Was Playing With My Balls Always This Difficult?

HIGH Controls are tight, and the music absolutely slaps.

LOW No one is online to play with.

WTF Paul.


Antonball combines the addictive gameplay of Breakout (the game where players use a paddle to hit a ball repeatedly into breakable blocks) with the easy-to-understand 2D platforming reminiscent of the 8-bit legends of the genre. So, instead of moving a platform back and forth, gamers control of a character hopping and dropping between platforms to block the ball from going out-of-bounds and continue their volley until every breakable block is demolished.

The game offers six different worlds, each with several stages that differ depending on the mode.

The main mode, Antonball, has players going through levels breaking blocks as described above, along with level offering slideshow cutscenes to give a loose context for why characters are doing this. For example, the game begins with main character Anton stumbling and dropping through a hole into the sewer. It’s kept short and simple, but in comparison to the games that inspired it (which had no story), it’s Shakespeare.

The other single-player mode is Punchball, which follow’s Anton’s female counterpart Annie, striving for first place in a newly invented sport. This mode takes the ball-bouncing platformer aspect and mixes it with stages reminiscent of the original Mario Bros, with players throwing their ball around to knock out enemies and then kick them off the field.

I honestly enjoyed Punchball more than the standard Antonball mode, although that may have to do with me performing significantly better in that mode. The game does not shy away from difficulty, though it does give players the ability to start over at the beginning of the last world they entered (instead of the very beginning of the game) and the level of challenge feels appropriate for the genre and aesthetic.

Antonball also has multiplayer options including “VS. Antonball” and online play for all three modes. Unfortunately, at the time of writing I live alone and could not find anyone to play with online after multiple attempts. The silver lining is that should players have friends in mind to specifically play with, setting up a lobby and going for it should be a breeze.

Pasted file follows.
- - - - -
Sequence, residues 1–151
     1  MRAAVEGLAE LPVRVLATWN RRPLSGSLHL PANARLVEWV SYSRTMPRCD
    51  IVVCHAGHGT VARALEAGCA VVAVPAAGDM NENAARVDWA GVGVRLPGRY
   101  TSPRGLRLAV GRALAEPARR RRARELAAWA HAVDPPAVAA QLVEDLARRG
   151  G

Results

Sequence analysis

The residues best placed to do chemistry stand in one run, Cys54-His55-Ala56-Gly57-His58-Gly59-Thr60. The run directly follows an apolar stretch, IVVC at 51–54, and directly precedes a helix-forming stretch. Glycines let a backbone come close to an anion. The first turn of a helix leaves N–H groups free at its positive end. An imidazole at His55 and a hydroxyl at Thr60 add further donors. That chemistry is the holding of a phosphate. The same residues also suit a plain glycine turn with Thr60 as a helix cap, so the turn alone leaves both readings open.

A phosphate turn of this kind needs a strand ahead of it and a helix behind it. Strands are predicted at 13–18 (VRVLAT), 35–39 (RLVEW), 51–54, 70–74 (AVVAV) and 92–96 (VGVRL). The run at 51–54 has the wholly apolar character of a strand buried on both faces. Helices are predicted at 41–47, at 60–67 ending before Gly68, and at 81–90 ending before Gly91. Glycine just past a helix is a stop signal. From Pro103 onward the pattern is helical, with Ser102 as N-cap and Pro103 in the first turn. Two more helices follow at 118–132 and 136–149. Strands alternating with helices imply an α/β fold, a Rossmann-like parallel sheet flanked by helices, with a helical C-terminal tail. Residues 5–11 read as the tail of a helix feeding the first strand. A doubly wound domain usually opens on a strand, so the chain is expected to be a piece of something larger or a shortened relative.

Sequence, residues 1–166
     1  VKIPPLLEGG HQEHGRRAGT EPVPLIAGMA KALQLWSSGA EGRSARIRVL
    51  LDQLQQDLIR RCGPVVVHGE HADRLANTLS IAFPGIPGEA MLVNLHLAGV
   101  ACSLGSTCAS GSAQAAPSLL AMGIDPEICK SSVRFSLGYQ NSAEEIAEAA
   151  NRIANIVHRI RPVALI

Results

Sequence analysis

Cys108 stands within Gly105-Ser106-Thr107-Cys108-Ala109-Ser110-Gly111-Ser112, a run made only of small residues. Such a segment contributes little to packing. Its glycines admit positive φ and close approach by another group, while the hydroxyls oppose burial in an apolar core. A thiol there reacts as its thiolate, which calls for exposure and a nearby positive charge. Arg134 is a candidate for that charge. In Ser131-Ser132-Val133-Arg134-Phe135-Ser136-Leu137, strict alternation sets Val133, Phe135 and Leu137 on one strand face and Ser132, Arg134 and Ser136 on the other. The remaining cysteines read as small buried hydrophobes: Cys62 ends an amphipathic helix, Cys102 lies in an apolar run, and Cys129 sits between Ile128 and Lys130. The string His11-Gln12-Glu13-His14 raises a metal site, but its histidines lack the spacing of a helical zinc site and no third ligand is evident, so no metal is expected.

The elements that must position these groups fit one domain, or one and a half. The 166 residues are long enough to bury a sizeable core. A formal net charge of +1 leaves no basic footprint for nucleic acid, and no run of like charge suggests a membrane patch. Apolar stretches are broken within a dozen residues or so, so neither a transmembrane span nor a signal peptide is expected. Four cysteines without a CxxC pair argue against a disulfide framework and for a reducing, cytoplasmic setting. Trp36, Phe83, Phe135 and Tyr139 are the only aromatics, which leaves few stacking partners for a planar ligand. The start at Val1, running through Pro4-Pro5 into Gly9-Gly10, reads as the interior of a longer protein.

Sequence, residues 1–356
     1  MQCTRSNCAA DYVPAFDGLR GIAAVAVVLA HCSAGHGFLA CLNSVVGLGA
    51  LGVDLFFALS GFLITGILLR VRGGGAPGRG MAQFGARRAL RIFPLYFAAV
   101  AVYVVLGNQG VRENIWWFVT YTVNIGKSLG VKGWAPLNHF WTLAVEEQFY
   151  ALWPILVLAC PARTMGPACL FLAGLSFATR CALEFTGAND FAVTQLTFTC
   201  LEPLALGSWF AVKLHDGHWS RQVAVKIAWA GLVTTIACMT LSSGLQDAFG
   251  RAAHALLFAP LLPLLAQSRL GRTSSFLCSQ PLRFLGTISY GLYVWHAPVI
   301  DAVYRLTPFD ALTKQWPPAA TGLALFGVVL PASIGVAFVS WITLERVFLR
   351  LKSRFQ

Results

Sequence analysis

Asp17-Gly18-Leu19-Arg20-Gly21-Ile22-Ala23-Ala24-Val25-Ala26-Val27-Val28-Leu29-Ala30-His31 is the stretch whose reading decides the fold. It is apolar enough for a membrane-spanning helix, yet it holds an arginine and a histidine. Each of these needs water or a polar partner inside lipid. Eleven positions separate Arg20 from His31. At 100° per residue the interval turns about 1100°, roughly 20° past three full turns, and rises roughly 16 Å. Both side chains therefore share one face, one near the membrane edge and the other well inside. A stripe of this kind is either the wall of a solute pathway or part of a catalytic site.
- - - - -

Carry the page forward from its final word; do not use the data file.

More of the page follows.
Antonball includes extras earned by collecting points from playing and spending them on a virtual gacha machine that can award new playable characters and music tracks to listen to.

The options offered in-game are adequate, with four (small) preset resolutions and a full-screen option as well as some personal options like screen filters or whether players want a visible ball trail. There are no in-game sound options though, and while the music is incredibly catchy, the lack of internal volume control may be annoying to some. (I adjusted it using my computer’s volume mixer since the default volume is loud, and I tend to play YouTube videos in the background while I play).

Antonball is a great little package of classic-looking, feeling and sounding videogame goodness. Combining two simple concepts in unique ways to create new flavors of engaging gameplay is always great to see from studios showing an appreciation for the medium and a mind for ingenuity. Given this, Antonball is a safe pick-up for anyone with an itch for something old-school, yet still fresh.

Rating: 8 out of 10

— Mitch Zehe


Disclosures: This game is developed by Summitsphere and published by Proponent Games. It is currently available on PC. This copy of the game was obtained via publisher and reviewed on the PC. Approximately 4 hours of play were devoted to the single-player mode, and the game was not completed. 0 hours of play were spent in multiplayer modes.

Parents: According to the ESRB, this game is rated RATING PENDING. The game features some mild cartoon violence.

Colorblind Modes: There are no colorblind modes available.

Deaf & Hard of Hearing Gamers: This game offers subtitles. The subtitles cannot be altered and/or resized (see examples above and below.) There are no audio cues necessary to play this game, it is fully accessible.

Remappable Controls: Yes, this game offers fully remappable controls.

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Racksickle
Racksickle
23 days ago

Very much enjoyed your review of the storyline and it sounds like it’s worth the price. The multiplayer seems like a fun game to play with the homies on a game night. Thanks for a simply solid review!